After reading The New York Times Magazine reverent salute to the artists and influencers who died in 2012, this Examiner got to thinking.
Who is to give witness to the great chefs who died this year -- and some -- all too soon?
A detailed and comprehensive search yielded more than a few chefs who left the culinary world. Curiously, some left by violence. Others by extraordinary circumstances,
We are most fortunate that in the scheme of things—especially in comparison to the music and cinema arts, the food world retains so much of our talent every year.
Most of the chef deaths are due to accidents and old age.
Herewith is the testament and tribute to the culinary world’s loss this year: 2012.
We respect these chefs. We mourn our loss. We acknowledge their contribution to our culinary heritage.
Chef Kevin Boyle
The Jamie Oliver Star lay dead in a garden for three months
It was a tragic end for TV trainee chef, Kevin Boyle, whose body was found in a garden near his home –three months after he vanished in January 2102.
Talented chef Kevin was featured in the hit Channel 4 show Jamie’s Kitchen as one of the chef’s initial 15 trainees.
He went on to cook for Prince Charles at Clarence House, plus ex-PM Tony Blair, Oprah Winfrey and actor Jake Gyllenhaal at Jamie’s Fifteen restaurant in Shoreditch, East London.
At the time of the loss, chef Jamie said: “I’m deeply saddened by this tragic news. I am proud to have been able to call Kevin a friend for ten years.
Chef Sylvia Woods
Harlem soul-food restaurateur, Sylvia’s Restaurant, died, July 2012. She was 86.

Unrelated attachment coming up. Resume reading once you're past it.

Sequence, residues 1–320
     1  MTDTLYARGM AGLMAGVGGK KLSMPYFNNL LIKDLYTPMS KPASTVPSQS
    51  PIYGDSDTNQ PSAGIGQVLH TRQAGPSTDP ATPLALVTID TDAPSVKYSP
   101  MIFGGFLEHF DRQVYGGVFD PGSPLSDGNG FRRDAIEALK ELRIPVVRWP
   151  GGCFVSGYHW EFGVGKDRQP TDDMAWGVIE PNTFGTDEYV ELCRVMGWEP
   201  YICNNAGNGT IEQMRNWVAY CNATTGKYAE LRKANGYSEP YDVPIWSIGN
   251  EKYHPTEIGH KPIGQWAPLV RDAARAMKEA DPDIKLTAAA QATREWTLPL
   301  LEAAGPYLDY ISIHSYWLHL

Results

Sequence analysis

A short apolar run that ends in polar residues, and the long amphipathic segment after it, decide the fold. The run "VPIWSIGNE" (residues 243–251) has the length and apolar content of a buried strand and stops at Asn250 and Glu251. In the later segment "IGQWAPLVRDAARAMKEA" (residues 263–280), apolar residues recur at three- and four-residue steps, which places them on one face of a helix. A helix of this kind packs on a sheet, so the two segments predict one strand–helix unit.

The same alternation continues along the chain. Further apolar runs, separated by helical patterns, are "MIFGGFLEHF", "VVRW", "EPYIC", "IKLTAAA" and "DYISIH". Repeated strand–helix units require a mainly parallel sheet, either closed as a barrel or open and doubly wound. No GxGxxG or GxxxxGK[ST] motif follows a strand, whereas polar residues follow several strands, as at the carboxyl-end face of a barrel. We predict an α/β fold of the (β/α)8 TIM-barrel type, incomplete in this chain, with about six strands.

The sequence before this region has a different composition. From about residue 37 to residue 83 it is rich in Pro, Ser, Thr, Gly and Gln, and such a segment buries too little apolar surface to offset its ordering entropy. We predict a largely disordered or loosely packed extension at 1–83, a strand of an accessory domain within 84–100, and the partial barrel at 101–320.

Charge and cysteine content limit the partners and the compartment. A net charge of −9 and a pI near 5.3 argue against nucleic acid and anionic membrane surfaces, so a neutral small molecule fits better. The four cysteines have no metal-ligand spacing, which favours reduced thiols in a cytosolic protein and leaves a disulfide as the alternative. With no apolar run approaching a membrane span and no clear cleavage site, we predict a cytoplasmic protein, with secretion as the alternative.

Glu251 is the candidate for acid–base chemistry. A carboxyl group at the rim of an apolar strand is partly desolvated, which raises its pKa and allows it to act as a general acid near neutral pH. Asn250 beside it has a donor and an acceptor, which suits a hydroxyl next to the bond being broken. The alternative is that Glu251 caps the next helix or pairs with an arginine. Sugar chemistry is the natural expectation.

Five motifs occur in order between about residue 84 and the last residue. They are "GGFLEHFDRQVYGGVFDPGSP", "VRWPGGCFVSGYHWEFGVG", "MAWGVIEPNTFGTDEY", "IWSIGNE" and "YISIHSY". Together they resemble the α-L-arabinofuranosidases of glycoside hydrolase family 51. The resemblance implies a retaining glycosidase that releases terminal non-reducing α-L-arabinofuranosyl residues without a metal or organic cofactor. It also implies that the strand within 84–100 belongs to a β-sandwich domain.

Her death came a few hours before she was to receive an award from Mayor Michael R. Bloomberg at a reception at Gracie Mansion commemorating the 50th anniversary of Sylvia’s Restaurant. There was a moment of silence before the award presentation; a family friend accepted it on her behalf.
Sylvia’s Restaurant opened on Aug. 1, 1962 — with six booths and 15 stools — at Lenox Avenue near 127th Street, offering soul-food staples like ribs, hot cakes, corn bread and fried chicken. The immense popularity of its dishes earned Ms. Woods the sobriquet the Queen of Soul Food.
A culinary anchor and the de facto social center of Harlem, Sylvia’s has served the likes of Roberta Flack; Quincy Jones; Diana Ross; Muhammad Ali; Bill Clinton; Jack Kemp; Robert F. Kennedy; and, besides Mr. Bloomberg, Mayors Edward I. Koch and David N. Dinkins, who was partial, Ms. Woods said, to the chicken, candied yams, collard greens and black-eyed peas with rice.
Busloads of tourists from as far away as Japan routinely descend on the place.